The Micro-Scale Applications group explores the genetic makeup of natural microbial communities using a variety of cutting-edge approaches. For example, we operate a high throughput pipeline for sorting and amplifying the genomes of individual cells. Using this culture independent approach, we have performed whole genome amplification on 10,000’s of microbes collected from a diverse range of environments (e.g. hot springs, forest soils, subterranean aquifers, Antarctic lakes, plant roots, etc.), and recovered microbial genomes from uncultivated clades.
Our group also seeks out new approaches that utilize microfluidics/microdroplet technology in order to enhance the quality of single-cell genomes and directly link functional information with individual cells. We are particularly interested in new techniques that can assign functional activities to new groups of microbes or that can reveal links between uncultivated viruses and their microbial hosts.
Finally, we combine shotgun metagenomic sequencing with multi-year time series studies in order to follow changes in the genetic composition of natural microbial communities. In collaboration with Dr. Katherine McMahon at the University of Wisconsin, we have used this approach to assemble hundreds of population genomes, and we are now able to track the evolution of these populations over several years.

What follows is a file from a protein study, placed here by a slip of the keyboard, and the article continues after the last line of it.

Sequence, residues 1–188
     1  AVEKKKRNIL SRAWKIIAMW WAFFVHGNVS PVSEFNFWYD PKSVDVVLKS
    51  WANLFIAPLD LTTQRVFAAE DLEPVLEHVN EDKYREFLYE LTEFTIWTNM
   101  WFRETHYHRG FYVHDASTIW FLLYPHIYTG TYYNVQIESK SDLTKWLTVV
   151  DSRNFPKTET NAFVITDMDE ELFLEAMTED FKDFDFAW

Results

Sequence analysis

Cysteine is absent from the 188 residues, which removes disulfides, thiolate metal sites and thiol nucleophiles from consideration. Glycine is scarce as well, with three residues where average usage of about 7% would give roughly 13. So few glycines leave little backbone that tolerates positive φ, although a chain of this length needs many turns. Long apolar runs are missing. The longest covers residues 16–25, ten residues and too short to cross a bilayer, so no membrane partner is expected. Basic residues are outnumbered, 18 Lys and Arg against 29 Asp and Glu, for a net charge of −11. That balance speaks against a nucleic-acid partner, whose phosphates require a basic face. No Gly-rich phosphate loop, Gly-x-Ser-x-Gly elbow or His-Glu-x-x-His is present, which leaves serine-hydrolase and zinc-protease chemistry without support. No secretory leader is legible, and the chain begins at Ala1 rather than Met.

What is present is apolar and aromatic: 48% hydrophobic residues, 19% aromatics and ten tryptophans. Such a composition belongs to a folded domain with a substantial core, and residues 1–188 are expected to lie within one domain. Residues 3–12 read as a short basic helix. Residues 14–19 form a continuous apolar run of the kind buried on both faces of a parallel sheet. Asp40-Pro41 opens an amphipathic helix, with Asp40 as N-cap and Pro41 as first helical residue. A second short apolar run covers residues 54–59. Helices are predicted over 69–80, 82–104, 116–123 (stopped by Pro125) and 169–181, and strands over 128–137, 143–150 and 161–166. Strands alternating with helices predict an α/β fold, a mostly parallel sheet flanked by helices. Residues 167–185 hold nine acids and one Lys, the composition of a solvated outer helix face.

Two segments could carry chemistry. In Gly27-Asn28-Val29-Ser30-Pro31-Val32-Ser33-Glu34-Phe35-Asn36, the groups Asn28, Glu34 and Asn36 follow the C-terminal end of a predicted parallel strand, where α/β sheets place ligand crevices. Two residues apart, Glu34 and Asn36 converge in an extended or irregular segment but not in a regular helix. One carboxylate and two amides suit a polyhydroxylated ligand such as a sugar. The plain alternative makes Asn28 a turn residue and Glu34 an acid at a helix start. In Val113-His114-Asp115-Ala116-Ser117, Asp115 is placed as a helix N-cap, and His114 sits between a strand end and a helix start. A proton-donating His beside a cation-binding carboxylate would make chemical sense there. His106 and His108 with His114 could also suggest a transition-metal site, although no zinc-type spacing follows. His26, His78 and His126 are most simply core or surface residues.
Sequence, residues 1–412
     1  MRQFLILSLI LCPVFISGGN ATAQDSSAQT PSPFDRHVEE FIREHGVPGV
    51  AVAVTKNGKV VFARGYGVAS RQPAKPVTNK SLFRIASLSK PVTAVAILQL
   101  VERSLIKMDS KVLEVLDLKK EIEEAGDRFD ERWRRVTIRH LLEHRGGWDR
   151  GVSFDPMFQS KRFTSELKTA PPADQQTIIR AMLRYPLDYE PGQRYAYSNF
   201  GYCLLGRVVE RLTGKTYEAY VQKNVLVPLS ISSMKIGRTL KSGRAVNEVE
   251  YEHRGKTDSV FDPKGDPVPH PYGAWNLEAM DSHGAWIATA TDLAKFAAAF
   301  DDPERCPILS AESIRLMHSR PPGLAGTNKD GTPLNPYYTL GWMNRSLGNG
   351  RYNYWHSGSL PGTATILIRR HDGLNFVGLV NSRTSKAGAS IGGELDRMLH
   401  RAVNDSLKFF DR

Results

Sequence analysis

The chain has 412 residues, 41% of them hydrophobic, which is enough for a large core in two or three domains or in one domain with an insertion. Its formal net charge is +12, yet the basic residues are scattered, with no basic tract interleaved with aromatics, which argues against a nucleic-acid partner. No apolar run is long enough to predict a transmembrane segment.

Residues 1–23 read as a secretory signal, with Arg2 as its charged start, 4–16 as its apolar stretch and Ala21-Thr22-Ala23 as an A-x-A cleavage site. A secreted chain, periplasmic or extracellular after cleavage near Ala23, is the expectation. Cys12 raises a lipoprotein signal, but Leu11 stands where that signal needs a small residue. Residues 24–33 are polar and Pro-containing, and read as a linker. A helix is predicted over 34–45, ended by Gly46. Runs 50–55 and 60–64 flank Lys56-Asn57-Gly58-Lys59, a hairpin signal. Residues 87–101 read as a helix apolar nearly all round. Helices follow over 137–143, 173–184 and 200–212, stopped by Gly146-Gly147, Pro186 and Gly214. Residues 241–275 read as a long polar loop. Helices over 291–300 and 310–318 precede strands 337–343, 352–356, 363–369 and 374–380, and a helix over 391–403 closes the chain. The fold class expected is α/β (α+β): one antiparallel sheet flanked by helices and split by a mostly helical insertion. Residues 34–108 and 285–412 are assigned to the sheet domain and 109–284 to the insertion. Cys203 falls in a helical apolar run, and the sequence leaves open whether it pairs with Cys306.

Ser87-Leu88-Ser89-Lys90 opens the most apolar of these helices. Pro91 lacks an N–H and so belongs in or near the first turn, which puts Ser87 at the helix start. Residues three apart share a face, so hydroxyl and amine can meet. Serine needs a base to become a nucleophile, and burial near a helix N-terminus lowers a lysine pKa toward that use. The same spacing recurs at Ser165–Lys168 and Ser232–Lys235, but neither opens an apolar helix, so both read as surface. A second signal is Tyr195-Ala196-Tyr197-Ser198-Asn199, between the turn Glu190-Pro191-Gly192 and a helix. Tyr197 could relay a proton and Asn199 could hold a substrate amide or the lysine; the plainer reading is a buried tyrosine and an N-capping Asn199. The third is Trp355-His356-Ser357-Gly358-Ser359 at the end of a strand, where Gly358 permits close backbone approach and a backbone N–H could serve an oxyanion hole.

|Rex Malmstrom||Danielle Goudeau||W. Berkeley Kauffman|
|Read more about Rex.||Danielle operates the single-cell genomics pipeline for JGI collaborators. This work combines custom flow cytometric analysis, cell sorting, genome amplification, PCR screening, and 16S sequencing. She also develops novel flow cytometry protocols for targeted recovery of specific microbes.||Berkeley is responsible for receiving and processing user samples. His R&D work focuses on the development of new applications utilizing a variety of technologies to improve the JGI’s capabilities in the areas of metagenomics, single-particle genomics, and metabolic engineering.|
|Nandita Nath||Kanwar Singh||Andy Tomatsu|
|Nandita is involved in developing new methods to improve genome recovery from single cells and to build sequencing libraries from minimal DNA input without amplification.||Kanwar spends part of his time assisting JGI users by processing their single cell samples using our high throughput pipeline. He also explores new methods for creating sequencing libraries and optimizing various processes.||Andy’s work focuses on the miniaturization and automation various molecular techniques using microfluidic devices. This includes DNA and RNA library creation from microbial cells captured using custom microfluidic chips, and single-cell transcriptomics of eukaryotes (e.g. Drop-seq).|